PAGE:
Alexandra Vlassova, Chris Donkin, and Joel Pearson
PNAS November 11, 2014 vol. 111 no. 45 16214-16218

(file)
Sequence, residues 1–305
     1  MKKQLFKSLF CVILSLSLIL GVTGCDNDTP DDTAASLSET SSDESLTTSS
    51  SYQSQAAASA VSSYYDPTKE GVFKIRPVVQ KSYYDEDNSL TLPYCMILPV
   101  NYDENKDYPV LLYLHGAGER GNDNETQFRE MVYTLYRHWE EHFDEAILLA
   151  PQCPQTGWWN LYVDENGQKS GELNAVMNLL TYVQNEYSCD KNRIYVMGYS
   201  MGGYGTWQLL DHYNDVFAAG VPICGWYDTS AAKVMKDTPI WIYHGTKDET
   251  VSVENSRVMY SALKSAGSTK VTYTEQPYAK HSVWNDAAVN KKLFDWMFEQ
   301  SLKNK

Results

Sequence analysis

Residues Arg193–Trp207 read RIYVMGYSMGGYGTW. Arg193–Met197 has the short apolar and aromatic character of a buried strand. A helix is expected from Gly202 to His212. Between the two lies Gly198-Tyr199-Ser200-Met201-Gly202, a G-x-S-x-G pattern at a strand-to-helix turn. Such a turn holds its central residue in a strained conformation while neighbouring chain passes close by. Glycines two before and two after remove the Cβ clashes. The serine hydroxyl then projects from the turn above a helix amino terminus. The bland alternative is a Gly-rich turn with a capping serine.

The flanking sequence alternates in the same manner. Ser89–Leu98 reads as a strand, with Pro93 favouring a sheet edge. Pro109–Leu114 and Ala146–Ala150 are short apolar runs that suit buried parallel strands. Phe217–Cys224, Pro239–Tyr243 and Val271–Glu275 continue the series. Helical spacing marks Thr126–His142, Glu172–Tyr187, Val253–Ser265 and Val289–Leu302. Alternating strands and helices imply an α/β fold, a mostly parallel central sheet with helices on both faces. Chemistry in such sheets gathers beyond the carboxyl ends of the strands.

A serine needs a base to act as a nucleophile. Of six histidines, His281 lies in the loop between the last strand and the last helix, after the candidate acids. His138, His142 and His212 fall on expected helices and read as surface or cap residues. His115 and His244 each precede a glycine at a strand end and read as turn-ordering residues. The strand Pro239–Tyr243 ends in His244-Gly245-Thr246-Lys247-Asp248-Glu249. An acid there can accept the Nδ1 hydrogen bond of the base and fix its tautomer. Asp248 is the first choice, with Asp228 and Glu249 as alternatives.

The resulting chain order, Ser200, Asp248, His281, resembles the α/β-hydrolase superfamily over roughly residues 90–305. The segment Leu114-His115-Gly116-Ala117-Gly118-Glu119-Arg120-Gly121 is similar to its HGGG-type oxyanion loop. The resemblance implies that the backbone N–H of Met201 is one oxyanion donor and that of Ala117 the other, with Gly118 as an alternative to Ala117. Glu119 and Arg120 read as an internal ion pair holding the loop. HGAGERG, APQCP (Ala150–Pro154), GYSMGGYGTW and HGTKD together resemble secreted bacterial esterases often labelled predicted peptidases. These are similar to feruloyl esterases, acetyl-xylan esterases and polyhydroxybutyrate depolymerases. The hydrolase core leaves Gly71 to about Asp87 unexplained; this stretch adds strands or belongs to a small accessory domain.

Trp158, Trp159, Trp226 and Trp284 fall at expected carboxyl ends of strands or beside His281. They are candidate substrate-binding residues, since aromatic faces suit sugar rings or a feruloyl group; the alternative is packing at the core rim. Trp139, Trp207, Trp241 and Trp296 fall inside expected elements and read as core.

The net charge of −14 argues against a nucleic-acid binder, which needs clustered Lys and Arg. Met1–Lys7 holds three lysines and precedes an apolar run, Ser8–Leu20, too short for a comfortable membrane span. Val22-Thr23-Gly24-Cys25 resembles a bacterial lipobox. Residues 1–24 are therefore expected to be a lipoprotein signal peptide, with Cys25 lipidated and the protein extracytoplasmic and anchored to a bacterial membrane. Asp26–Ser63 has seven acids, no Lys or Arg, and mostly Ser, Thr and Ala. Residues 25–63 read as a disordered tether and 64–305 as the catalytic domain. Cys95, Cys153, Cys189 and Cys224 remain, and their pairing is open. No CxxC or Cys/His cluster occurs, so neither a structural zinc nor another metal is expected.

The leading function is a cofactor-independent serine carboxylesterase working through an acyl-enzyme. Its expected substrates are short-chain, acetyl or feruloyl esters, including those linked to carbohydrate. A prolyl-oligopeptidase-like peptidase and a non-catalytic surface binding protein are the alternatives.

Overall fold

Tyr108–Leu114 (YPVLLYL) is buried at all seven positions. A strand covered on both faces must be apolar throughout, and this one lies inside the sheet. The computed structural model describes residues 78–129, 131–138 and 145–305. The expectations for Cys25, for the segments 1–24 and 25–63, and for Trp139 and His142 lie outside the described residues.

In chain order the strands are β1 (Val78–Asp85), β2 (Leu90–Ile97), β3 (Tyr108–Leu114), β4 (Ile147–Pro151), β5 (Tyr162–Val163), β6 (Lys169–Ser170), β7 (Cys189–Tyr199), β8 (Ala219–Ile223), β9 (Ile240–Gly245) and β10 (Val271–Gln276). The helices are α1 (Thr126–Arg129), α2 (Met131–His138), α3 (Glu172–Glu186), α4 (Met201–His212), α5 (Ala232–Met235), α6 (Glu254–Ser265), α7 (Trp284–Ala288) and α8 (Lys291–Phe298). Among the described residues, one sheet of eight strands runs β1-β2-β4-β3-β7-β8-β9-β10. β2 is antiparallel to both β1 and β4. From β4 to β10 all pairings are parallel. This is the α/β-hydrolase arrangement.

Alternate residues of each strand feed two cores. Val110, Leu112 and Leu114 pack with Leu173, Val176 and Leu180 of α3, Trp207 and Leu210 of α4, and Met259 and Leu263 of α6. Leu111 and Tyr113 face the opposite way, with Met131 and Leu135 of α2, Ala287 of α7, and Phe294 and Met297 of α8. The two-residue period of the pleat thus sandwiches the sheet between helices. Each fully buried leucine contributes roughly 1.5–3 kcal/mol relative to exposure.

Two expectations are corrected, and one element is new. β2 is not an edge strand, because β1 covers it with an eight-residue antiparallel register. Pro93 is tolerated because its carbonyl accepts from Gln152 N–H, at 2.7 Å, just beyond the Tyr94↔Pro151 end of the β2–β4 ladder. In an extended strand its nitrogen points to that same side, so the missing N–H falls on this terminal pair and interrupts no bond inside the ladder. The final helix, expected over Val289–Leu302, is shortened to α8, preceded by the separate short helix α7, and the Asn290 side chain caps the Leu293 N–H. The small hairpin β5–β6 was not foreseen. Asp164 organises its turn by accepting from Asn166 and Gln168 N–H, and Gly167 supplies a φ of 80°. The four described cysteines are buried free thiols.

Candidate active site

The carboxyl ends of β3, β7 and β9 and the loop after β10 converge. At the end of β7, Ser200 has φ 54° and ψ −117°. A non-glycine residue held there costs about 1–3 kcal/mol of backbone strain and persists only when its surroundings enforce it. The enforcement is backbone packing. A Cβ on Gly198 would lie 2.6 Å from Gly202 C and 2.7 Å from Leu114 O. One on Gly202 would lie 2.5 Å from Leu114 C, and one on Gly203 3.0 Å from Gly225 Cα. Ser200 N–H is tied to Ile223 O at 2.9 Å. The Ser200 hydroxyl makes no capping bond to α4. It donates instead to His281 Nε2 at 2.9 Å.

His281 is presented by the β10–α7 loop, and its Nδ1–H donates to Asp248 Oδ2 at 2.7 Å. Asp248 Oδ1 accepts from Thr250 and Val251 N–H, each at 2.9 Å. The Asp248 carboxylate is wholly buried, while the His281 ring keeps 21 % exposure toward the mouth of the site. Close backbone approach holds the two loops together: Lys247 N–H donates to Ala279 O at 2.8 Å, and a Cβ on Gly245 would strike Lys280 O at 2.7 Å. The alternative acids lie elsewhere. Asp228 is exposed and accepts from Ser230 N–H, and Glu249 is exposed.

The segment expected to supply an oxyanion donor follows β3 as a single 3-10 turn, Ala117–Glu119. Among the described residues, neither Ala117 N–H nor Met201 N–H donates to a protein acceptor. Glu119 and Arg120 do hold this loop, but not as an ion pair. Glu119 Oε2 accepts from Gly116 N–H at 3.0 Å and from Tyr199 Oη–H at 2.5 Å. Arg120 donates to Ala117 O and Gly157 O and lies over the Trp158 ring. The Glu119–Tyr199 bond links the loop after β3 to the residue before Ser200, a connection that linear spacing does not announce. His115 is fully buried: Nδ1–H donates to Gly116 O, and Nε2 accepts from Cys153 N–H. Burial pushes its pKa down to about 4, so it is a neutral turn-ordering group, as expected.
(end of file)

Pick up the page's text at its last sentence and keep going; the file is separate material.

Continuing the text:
The controversial idea that information can be processed and evaluated unconsciously to change behavior has had a particularly impactful history. Here, we extend a simple model of conscious decision-making to explain both conscious and unconscious accumulation of decisional evidence. Using a novel dichoptic suppression paradigm to titrate conscious and unconscious evidence, we show that unconscious information can be accumulated over time and integrated with conscious elements presented either before or after to boost or diminish decision accuracy. The unconscious information could only be used when some conscious decision-relevant information was also present. These data are fit well by a simple diffusion model in which the rate and variability of evidence accumulation is reduced but not eliminated by the removal of conscious awareness. Surprisingly, the unconscious boost in accuracy was not accompanied by corresponding increases in confidence, suggesting that we have poor metacognition for unconscious decisional evidence.